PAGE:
[Mike] Back 2003 it was just an honest willingness to share what I learned, and help others. The plans for Dr Evil style world-domination came later…

Describe your early blogging experiences and how you have evolved over the years?

[Mike] I’m going to be a bit vain here. But I would like to my style has influenced others. I read other bloggers and think, “god, that’s just how I would do it”. I don’t feel ripped off, but slightly proud. I told you I was going to be vain! But I like to think my style is one that blends just right of theory with a big dollop of “getting it done”. My most popular posts have been ones that fix a commonly experience problem, that everyone runs up against in their time.

What has kept you blogging over the years and not quitting at it?

[Mike] Aside from a passion to share what I learn, I do generally love writing. I guess that comes from my liberal-arts background. You see I’m a bit of interloper who’s technical knowledge wasn’t gained through academic qualifications but via combo of experience, and training courses. One day someone is going to work out that this particular Emperor has no clothes. But to mix my metaphors I will keep on pulling the levers like the Wizard of Oz, until someone pulls back the curtain. It’s been a while since I undertook a big book project and do I kind of miss that. I tip my hat to colleagues of mine who have held down full-time jobs at VMware, and writing books. I don’t know how they find the time or motivation. As for myself I do a project that’s been cooking away since last year (or if I’m honest the year before) it looks ripe for launch. I hope to do the big reveal in the next couple of weeks.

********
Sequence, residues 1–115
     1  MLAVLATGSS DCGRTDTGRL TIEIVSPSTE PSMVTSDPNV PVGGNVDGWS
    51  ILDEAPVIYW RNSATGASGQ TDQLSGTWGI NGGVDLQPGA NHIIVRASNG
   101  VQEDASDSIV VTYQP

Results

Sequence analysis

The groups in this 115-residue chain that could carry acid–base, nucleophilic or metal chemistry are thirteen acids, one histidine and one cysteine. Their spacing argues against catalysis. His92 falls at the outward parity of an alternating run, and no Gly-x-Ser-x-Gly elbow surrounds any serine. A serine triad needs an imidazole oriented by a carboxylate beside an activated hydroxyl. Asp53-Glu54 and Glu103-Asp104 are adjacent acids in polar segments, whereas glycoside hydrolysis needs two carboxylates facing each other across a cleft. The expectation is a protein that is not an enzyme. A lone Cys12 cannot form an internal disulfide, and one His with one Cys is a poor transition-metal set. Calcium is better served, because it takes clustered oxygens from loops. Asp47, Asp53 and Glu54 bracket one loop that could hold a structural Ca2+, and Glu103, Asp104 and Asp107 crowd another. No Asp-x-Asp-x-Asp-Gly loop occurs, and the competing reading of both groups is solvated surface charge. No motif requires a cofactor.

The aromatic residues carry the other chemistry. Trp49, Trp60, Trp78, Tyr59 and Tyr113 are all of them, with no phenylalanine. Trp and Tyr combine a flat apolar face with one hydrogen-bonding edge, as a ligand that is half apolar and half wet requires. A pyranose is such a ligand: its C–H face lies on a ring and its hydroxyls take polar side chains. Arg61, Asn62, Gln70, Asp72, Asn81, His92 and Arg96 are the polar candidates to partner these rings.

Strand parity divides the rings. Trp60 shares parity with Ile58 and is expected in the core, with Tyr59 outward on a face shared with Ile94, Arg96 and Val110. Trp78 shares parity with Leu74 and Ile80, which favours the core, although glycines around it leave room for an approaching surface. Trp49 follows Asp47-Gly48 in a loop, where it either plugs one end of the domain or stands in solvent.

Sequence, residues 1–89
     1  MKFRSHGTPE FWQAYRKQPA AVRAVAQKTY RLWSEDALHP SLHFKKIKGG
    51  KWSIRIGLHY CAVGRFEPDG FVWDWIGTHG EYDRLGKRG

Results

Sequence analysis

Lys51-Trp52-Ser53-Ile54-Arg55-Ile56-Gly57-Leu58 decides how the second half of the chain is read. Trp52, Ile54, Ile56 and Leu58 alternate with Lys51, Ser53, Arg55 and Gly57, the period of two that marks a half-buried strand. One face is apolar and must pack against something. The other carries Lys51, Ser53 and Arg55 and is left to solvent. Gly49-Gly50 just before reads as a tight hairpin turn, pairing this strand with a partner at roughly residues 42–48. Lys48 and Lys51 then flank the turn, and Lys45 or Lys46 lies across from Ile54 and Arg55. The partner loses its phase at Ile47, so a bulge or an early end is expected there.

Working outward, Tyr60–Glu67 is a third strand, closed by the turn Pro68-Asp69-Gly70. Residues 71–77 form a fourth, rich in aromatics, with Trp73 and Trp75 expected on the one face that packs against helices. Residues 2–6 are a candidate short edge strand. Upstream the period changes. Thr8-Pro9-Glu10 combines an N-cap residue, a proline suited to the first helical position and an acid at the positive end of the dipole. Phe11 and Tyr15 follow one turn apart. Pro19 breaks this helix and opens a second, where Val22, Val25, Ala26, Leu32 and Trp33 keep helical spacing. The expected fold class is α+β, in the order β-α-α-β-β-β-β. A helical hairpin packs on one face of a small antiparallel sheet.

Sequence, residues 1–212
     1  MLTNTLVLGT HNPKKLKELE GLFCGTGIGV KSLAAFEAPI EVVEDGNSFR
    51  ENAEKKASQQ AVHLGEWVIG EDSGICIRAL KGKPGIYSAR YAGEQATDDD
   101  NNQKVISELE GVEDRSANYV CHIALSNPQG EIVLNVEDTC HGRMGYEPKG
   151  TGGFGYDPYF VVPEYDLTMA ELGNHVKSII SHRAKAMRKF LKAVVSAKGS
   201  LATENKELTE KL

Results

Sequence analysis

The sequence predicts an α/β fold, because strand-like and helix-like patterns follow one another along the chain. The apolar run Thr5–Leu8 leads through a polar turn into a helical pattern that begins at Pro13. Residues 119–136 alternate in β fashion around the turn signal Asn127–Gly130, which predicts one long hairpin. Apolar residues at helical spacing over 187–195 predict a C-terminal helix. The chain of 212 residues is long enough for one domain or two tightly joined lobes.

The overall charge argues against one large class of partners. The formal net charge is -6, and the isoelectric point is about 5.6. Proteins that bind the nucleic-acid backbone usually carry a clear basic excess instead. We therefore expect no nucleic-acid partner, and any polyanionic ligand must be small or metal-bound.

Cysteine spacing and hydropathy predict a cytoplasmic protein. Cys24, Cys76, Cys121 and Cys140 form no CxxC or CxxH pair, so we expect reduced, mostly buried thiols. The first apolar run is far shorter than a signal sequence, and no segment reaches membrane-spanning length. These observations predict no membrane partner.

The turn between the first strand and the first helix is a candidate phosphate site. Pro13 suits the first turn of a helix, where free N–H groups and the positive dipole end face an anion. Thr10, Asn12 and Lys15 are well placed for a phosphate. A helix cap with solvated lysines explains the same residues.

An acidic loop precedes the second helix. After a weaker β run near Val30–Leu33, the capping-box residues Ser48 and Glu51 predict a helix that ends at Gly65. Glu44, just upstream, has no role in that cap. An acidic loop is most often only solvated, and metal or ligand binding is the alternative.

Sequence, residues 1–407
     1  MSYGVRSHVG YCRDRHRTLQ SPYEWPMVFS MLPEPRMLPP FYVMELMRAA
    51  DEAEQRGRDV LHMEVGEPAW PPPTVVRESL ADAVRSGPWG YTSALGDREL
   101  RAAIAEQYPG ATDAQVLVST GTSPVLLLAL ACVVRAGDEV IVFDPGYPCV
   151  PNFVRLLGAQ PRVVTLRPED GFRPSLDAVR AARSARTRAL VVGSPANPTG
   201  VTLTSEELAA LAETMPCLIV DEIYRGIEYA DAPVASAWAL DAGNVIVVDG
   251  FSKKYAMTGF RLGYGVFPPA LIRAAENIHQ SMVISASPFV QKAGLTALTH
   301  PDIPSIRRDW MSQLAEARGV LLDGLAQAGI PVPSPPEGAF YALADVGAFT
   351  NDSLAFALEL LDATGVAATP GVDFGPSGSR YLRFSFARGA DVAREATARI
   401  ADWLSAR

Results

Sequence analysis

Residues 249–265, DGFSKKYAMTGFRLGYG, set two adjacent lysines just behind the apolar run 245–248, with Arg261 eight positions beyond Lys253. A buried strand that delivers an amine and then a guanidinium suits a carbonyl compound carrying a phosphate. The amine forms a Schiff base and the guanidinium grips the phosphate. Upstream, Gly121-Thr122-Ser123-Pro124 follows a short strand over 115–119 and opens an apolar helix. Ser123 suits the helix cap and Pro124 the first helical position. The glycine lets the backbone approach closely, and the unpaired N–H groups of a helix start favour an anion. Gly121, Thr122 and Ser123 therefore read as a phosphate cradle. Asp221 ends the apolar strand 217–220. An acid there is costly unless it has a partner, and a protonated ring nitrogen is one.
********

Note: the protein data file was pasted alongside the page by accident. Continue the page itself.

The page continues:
What was your best experience or fondest memory related to blogging?

[Mike] I guess my fondest memory, is when people come up to me at VMUGs and say they laughed out loud – at something I wrote in a book or blog. Humour is rather under-rated virtue in IT, I don’t know how many of us get through the working day without being able to laugh at the end of it….

Any advice for others who are new to blogging?